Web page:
Try making holes at different points on your smaller circle or lid. When you put the pencil or marker through different holes, how does that change the patterns you make?

Try using different sizes of lids or cardboard circles to make your inner gear. How do different sizes of inner gears affect the design?

Try cutting your inner gears in different shapes. What will happen if you cut the inner gear in an oval shape? Will it work if the inner gear is a triangle or a pentagon?

Can you design a drawing machine that would let you roll the gear on the outside rim of a larger cut-out circle?

What do you notice about the finished patterns? How are they different? How are they the same?

If you make ring bases for your drawing machine in different sizes, then if you change the size, you are making the ring base a **variable**. If you change the **circumference** of the ring base, how will that affect the number of bumps on the corrugated cardboard lining? How will it affect the gear traveling inside the ring?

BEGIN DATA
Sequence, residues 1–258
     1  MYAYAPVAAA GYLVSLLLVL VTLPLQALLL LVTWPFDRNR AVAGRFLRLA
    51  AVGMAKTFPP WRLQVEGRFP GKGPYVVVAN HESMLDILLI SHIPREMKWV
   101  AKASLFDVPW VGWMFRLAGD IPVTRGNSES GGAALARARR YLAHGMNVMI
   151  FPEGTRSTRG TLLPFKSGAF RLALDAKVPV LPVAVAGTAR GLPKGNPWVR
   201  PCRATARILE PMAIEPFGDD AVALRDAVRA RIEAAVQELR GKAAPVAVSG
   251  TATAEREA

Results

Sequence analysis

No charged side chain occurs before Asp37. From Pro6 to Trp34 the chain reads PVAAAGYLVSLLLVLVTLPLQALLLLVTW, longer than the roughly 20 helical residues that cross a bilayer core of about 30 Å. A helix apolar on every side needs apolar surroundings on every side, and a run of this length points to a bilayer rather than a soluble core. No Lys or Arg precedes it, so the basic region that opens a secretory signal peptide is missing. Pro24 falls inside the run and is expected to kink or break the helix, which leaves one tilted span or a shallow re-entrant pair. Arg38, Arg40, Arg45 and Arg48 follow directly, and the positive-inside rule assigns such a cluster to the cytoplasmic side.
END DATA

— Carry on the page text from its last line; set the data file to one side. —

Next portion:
You can try making different sized ring bases with different amounts of corrugated cardboard lining them. The corrugated cardboard acts like the teeth of a gear. Try using different sizes of ring bases, and see how the smaller gear moves when it traces them, and how it changes the patterns it makes.

**What’s the Math?**

A **variable** is a value that can change. Your drawing machine has two variables:

1. The **radius** of the small gear

2.The distance of the point of your pen/pencil/marker from the edge of the small gear

The radius of a circle is the distance from the center of the circle to any point on the circle (think of the spokes on a bicycle wheel). Imagine we could take a circle and straighten it out into a line. The measurement of that line would be the circle’s circumference, or the distance around its edge.

The radius of the ring template cut into your drawing machine base isn’t a variable, because it isn’t changing. But you can create inner gears with different radii (the plural of radius), and you can make holes in different places on your small gear, to try placing your pen/marker or pencil at different points.

Increasing and/or decreasing the value of any one of these variables affects the results achieved by the tools.

If you make different sizes of inner gears, their circumferences will be different. The number of teeth (bumpy corrugated cardboard edges) will also change. A larger inner gear traveling along the machine base ring will cover the distance in fewer rotations before it comes to its starting point.